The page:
Hurricane Florence: What You Need to Know About the Year's First Major Storm | Elementum

Hurricane Florence: What You Need to Know About the Year’s First Major Storm

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Hurricane Florence is predicted to be one of the strongest storms on the Eastern seaboard in decades. It will deliver tropical-storm-level winds by noon Thursday to North Carolina’s coast, and hurricane-force winds and dangerous storm surges by late Thursday or early Friday. Many sources are warning that Florence will be the most intense storm to strike the region in at least 25 years, since Hurricane Hugo, which was a Category 4 and sustained winds of 140 mph.

Continue reading for the latest updates and forecasts about Florence and other impending storms, as well as a list of best practices to help your supply network weather the impact.

Hurricane Florence and More: What We Know So Far

  • Hurricane Florence was marked a Category 4 storm, but has been downgraded to Category 3 because of slight reductions in wind speed. As of 11 AM ET on Wednesday, it’s travelling about 485 miles southeast of Wilmington, North Carolina and roughly 520 miles east-southeast of Myrtle Beach, South Carolina, with winds of about 125 mph, according to the NHC.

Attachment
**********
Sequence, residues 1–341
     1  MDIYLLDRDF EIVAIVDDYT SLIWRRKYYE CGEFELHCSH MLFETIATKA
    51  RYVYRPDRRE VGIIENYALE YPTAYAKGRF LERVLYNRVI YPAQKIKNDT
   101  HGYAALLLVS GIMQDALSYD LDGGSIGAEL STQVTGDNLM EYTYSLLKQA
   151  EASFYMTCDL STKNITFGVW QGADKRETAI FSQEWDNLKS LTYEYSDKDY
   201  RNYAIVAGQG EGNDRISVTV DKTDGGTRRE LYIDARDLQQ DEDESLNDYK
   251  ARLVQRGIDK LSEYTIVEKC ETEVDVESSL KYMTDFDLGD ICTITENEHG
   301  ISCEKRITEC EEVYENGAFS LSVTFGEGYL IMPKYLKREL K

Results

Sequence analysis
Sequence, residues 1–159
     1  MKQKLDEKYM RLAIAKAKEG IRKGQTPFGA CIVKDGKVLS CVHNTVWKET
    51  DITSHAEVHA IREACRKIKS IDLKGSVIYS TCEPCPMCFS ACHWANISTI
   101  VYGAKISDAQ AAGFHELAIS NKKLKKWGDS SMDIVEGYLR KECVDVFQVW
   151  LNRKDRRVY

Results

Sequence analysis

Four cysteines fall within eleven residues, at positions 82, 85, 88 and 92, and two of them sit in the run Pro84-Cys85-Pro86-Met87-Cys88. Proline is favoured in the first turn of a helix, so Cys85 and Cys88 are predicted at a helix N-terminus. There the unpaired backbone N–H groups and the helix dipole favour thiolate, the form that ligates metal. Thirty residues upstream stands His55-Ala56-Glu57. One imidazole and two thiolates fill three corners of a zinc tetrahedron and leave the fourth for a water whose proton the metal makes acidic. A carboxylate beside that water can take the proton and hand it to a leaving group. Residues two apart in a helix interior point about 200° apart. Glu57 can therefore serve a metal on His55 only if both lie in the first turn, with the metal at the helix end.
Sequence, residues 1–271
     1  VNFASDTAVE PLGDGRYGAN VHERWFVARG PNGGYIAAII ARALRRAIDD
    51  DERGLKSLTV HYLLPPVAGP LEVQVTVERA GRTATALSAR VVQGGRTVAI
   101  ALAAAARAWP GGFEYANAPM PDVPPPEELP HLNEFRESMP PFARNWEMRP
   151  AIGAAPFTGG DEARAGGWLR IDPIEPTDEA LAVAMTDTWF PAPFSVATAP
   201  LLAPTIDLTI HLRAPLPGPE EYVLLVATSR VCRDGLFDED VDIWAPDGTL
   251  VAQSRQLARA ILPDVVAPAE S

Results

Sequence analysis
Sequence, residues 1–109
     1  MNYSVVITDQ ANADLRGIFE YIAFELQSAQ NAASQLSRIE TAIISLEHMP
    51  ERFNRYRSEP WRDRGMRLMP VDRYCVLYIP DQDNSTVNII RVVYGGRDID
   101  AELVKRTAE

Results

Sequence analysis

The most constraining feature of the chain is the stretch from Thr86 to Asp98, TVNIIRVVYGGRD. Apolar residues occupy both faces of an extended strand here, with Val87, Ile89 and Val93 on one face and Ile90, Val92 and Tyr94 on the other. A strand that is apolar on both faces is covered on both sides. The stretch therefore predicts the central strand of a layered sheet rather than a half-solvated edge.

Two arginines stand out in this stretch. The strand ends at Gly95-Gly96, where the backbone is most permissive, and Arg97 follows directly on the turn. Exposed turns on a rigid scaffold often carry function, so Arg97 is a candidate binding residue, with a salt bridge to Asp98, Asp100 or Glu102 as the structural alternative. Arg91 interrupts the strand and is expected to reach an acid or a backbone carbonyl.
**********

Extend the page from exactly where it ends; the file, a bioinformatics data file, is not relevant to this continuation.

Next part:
• The storm is already generating waves as high as 83 feet as it surges towards the East Coast.
  • Hurricane Florence isn’t the only storm threatening communities and businesses right now. Hurricane Isaac was recently reclassified as a tropical storm, but scientists say its effects could still be hurricane-level. The storm is expected to reach Puerto Rico on Friday morning with winds up to 73 mph. Additionally, category 2 storm Helene, currently off the coast of Africa, is expected to crawl towards Europe after losing speed. Tropical storm Olivia has prompted storm warnings in Hawaii, with an expected 5-10 inches of flooding to affect the main islands. Residents and businesses have been warned of damaging winds, storm surge, and flooding.

For residents and businesses in the Carolinas and neighboring states, it’s vital to take all evacuation warnings and damage estimates seriously. Hurricane tracking maps don’t always show the entirety of the area that will be impacted. Even when there appears to be clearly delineated lines that leave your supply chain outside of risk zones, your sites can still experience winds, floods, and storms that will impede your operations indefinitely. You should act as if areas even dozens of miles outside the borders of these hazy “cones of uncertainty” WILL be impacted.